Planning and zoning commission
A Planning and Zoning Commission is a local elected or appointed government board charged with recommending to the local town or city council the boundaries of the various original zoning district and appropriate regulations to be enforced therein and any proposed amendments thereto and shall collect data and keep itself informed as to the best practices generally in effect in the matter city planning and zoning to the end that it may be qualified to act on measures affecting the present and future movement of traffic, the segregation of residential and business districts and the convenience and safety of persons and property in any way dependent on city planning and zoning. Some jurisdictions may refer to them also planning commissions, planning boards, zoning commissions, and zoning boards.
The chairman of the Planning and Zoning Commission (or a staff member) is responsible for publishing public hearing in the newspaper about certain matters that come before the commission. Most municipal or county Planning and Zoning Commissions consist of five to seven members. This number does not include alternates. In some states, planning and zoning commissions are regional or county.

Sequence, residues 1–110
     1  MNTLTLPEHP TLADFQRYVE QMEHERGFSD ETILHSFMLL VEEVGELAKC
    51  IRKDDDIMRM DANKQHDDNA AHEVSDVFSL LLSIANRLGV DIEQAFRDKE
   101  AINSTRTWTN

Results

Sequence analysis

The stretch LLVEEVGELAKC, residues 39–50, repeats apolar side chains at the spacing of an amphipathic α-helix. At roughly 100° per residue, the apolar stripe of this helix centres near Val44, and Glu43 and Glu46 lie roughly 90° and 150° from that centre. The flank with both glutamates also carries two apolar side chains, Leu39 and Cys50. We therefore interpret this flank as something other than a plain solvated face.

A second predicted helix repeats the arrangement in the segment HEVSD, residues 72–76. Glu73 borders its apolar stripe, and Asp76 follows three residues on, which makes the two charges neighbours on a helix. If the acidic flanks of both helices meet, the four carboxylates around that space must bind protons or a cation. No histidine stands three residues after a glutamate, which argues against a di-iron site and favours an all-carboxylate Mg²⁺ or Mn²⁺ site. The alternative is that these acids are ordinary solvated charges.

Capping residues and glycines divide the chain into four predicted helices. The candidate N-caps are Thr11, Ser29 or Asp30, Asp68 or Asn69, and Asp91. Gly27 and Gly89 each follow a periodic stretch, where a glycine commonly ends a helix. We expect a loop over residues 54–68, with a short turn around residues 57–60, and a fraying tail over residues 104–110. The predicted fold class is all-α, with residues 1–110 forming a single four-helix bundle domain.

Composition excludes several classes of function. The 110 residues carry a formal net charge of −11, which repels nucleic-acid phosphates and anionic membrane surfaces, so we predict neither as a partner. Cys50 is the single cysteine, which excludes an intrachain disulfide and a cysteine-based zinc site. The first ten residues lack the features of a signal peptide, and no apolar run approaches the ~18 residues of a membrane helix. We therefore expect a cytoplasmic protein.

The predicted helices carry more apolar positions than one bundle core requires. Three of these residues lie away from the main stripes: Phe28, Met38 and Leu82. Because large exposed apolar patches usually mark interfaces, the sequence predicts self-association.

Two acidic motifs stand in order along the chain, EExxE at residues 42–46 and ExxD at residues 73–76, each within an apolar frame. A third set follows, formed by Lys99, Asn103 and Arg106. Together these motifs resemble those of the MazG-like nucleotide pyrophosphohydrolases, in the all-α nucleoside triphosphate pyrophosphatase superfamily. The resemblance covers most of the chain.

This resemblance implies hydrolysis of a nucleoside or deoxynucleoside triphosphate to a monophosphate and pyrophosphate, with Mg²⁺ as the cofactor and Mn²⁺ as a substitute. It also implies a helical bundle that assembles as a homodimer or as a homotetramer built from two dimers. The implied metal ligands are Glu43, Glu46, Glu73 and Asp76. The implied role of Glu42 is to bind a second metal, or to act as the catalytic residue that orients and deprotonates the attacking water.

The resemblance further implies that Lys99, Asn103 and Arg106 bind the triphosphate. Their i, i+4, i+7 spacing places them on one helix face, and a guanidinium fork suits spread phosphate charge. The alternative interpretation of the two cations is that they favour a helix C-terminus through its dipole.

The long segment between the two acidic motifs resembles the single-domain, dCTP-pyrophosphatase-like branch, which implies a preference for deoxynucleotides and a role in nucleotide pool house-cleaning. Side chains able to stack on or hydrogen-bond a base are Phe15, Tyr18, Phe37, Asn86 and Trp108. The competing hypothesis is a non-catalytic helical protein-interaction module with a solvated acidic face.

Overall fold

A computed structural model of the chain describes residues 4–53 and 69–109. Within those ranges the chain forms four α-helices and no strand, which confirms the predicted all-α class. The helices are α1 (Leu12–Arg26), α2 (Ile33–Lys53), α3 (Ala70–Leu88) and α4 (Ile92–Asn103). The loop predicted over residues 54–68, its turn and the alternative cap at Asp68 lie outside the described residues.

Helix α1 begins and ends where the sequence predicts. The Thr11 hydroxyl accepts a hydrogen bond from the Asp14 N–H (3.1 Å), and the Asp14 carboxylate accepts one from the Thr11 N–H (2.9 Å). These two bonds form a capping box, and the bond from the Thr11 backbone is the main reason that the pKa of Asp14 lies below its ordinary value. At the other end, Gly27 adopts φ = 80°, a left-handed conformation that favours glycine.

Some communities elect planning and zoning commission members. In other jurisdictions, the Planning and Zoning Commissioners are appointed by the Mayor or First Selectman of the city or town and approved by the city's legislative body, i.e. city council, board of aldermen, etc. (some planning commissioners are appointed by the City Commission as a whole).
Please note that planning and zoning commissions may also be approving agencies for development permits, variances to the zoning code. Other jurisdictions may have separate zoning board of adjustments or appeals appointed by the governing body that perform the function instead of the planning and zoning commission doing it. Some jurisdictions have featured court appointed zoning boards/boards of adjustment and appeals due to the quasi-judicial functions.
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